On March 17, Mills College, the Oakland, California–based women’s college—and home to one of the nation’s oldest collegiate dance programs—announced its impending closure.
The private liberal arts school will transition to Mills Institute, a non–degree-conferring institution that will sustain the college’s mission. Programming and structure for the Institute will be decided in the coming months.
The news came as a shock to many students, faculty, staff and alumni. “It caught all of us off guard,” says professor Sheldon Smith, who will take over as chair of the dance department after Ann E. Murphy’s retirement at the end of this semester. “Though we had an intuition that the school would have to have some kind of radical transformation. We’ve been in a financial problem for quite some time.”
In her open letter to the Mills community, president Elizabeth L. Hillman cited “economic burdens of the COVID-19 pandemic, structural changes across higher education, and Mills’ declining enrollment and budget deficits” as reasons for this transformation away from a four-year degree-conferring college.
“As an alum, I’m very sad,” says Garth Grimball, MFA ’13 and current ballet teacher at Mills. “But I’m most sad for the current students who had the foundation pulled out from under them.” The fall 2021 semester will be the last in which first-year undergraduates can enroll, and the final degrees will most likely be conferred in 2023. Mills will then work with other universities (possibly University of California, Berkeley, which already has a partnership with Mills) to enable current students to finish their degrees.
There has been pushback in the community as many current students and alumni of the 169-year-old institution feel the loss of their alma mater keenly already. But “how much that will add up to anything is to be seen,” says Smith.
Specifics as to what the Mills Institute will look like are also unclear at this point. “Nobody has defined what the Mills Institute is or what the mission will be,” says Grimball. “I hope that the foundation and institutional knowledge of Mills continues in a real academic way.” Decisions about whether or not dance will be part of the Institute have yet to be finalized, but Smith says proposals are being made that would include dance.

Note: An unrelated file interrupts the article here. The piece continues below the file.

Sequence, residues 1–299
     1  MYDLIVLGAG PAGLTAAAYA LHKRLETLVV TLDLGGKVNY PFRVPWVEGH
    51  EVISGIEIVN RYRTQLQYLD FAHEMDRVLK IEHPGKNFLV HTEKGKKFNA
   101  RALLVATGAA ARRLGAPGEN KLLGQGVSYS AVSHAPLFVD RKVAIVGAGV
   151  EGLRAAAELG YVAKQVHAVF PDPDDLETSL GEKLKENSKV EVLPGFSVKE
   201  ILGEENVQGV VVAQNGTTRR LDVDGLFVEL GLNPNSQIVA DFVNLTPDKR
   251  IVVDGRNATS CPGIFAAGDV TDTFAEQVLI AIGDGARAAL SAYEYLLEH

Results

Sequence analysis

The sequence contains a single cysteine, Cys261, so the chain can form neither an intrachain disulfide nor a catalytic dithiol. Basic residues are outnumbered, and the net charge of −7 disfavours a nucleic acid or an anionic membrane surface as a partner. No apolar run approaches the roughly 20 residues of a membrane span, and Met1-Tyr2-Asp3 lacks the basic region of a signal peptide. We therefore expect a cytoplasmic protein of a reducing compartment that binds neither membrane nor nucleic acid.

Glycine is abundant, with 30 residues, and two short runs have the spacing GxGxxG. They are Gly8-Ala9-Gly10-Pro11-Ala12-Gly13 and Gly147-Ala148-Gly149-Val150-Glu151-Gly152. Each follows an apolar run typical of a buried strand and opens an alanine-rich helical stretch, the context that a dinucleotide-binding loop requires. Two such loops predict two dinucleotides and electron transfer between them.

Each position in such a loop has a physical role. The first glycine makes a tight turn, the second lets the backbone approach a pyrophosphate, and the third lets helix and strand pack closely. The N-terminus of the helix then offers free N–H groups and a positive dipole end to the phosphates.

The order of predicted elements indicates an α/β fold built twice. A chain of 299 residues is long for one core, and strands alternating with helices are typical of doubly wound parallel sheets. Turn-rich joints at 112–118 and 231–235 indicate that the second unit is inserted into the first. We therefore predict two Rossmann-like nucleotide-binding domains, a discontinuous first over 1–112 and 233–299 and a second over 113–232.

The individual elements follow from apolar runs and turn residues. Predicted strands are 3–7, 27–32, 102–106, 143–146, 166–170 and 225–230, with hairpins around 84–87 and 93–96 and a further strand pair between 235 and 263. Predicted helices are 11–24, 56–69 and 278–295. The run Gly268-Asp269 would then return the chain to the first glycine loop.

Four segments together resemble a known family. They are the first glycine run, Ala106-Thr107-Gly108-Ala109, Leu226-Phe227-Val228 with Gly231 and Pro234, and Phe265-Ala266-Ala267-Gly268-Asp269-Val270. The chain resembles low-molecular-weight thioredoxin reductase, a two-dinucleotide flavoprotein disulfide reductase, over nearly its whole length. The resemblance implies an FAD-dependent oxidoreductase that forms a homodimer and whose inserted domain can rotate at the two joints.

The loss of Mills College will send ripples through the dance world. “Our history is significant, not only to the Bay Area dance community but to the development of American modern dance, postmodern dance and current practices in movement arts,” says Smith. “Students from Mills are all over the world dancing, choreographing, performing, writing, teaching and advocating. To have it come to an end feels not only like the end of an era but also a significant blow to the stability of a precarious artform.”
With its emphasis on pushing boundaries, collaboration and embracing diverse perspectives, Mills Dance has a long, rich history of producing innovative choreographers, performers, teachers and dance scholars, including Trisha Brown, Lori Belilove and Molissa Fenley. Students have not only created within the boundaries of Mills’ Oakland campus, but have immersed themselves in the vibrant San Francisco Bay Area dance scene, with opportunities to learn from and collaborate with changemakers like Anna Halprin, Yvonne Rainer and AXIS Dance Company.
As Smith looks towards the transition and his role as chair for the next two years, he is cautiously optimistic about the future. “As sad as these years will be, it’s an opportunity to really celebrate what we have been,” he says. “It’s also an opportunity to light some fires under where dance education is going.”
Smith says remaining students will be able to craft what they want from their time at Mills and what they’ll take out into the greater dance world. “The next two years, the gloves are off,” he says. “I think we will be compelled more than ever to work with students to apply a critical pedagogy lens to our entire curriculum. I intend for the department to foreground that dance education is an always evolving resource, that a certain amount of anarchy is necessary at this moment, and that some intentional unpredictability may help us cut new pathways forward for whatever comes next.”
Smith and the current faculty will soon be working towards crafting several celebratory concerts in which alumni will be invited to come back and share their work. “We have been part of something that has had such a rich and impactful history. Eighty-plus years isn’t nothing,” says Smith. “Our department has touched so many lives, whether it’s a direct connection or through someone else. It feels nice to be part of that legacy.”